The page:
2 Answers

  1. The answer can be found in the same Soviet philosophical dictionary (for example, ed. Rosenthal and Yudin, 1963):

    Voluntarism is an idealistic trend in philosophy and psychology that considers the will as the primary basis of the world, opposes it to the objective laws of nature and society, and denies the conditionality of the human will by the environment.

    Schopenhauer and Nietzsche were considered classic examples of voluntarists in Soviet literature. Some aspects of Soviet interpretations of Nietzsche's work, however, could be disputed; but there is no doubt that the concept of “will” plays a great role in Nietzsche's work.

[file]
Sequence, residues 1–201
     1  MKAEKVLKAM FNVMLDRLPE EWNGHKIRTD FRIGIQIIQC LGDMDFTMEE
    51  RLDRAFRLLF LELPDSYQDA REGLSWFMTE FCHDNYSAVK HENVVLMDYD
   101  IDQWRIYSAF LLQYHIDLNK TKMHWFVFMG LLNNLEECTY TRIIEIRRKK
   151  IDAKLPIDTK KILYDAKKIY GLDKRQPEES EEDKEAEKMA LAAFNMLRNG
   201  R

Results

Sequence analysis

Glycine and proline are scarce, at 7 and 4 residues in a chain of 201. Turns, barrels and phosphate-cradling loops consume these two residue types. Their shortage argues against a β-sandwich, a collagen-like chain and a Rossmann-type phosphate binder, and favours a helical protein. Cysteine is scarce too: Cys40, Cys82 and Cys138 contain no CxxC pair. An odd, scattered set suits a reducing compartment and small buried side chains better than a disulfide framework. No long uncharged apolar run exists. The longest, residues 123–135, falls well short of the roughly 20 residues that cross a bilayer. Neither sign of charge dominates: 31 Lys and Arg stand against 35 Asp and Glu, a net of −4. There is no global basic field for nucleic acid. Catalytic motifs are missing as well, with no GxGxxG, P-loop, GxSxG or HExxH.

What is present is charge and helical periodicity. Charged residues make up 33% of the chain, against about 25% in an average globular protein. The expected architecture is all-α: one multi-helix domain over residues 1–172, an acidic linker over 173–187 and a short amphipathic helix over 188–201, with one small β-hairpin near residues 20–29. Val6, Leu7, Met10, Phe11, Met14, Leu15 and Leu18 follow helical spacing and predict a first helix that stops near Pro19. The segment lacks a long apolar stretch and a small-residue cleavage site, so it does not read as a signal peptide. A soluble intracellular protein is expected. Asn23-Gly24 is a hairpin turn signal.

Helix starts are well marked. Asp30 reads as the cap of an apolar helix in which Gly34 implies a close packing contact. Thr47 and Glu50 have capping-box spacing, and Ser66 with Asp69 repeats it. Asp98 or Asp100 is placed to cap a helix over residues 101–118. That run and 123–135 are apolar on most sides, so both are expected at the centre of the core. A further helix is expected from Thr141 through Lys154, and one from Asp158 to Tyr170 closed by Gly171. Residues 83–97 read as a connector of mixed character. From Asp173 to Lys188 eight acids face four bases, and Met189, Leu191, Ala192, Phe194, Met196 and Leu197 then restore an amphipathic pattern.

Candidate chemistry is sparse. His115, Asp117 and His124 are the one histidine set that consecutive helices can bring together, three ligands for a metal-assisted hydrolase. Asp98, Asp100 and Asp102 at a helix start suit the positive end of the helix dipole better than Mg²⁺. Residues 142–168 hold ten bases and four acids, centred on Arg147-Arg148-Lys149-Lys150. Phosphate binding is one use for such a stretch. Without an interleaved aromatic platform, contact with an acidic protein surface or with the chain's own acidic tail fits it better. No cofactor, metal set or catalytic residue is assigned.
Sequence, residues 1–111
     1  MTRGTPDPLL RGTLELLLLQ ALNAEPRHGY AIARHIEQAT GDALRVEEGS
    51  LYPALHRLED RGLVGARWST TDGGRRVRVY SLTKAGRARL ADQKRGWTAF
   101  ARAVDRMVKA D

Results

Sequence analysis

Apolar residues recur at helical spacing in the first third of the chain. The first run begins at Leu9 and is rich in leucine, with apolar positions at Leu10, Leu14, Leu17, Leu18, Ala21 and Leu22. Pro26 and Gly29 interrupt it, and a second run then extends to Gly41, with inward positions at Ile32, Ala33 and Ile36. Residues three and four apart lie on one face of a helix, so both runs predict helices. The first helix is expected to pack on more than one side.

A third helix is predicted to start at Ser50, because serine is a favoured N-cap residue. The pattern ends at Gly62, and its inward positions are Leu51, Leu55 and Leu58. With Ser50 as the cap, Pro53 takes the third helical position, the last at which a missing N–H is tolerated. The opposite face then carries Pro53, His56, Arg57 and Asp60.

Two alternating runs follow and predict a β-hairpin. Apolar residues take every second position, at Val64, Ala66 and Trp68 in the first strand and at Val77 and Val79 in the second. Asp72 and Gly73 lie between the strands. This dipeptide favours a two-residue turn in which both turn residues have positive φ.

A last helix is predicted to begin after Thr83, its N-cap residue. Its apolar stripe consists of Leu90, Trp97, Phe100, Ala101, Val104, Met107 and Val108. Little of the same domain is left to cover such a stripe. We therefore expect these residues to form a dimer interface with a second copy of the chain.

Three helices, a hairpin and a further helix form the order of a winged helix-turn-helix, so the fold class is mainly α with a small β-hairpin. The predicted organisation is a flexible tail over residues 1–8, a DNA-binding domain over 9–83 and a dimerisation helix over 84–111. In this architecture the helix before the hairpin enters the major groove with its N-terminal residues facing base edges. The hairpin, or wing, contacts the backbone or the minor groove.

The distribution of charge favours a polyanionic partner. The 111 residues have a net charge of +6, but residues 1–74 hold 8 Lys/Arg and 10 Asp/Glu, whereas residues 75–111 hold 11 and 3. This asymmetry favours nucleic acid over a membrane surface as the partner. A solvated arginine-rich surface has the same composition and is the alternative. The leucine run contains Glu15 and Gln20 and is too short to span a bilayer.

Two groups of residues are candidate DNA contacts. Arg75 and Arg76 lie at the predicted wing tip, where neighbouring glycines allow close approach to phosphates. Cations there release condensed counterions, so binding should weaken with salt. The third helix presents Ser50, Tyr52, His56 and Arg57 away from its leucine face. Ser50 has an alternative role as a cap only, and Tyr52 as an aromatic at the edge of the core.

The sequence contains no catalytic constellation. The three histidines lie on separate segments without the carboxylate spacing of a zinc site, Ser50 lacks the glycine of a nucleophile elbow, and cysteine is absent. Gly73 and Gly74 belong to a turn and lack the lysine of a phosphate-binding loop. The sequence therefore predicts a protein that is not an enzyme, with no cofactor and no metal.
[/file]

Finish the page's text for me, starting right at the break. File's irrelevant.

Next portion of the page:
Everything that feels suffers in me and is in prison; but my will always comes to me as a liberator and a messenger of joy. Will liberates: This is the true teaching of will and freedom, as Zarathustra teaches you.

  2. Because in Nietzsche's philosophy, there is no priority for anything other than the individual will to power.
    Nietzsche is most inclined to nihilism and anarchic individualism.
    Both are explicit and clearly volutarist .

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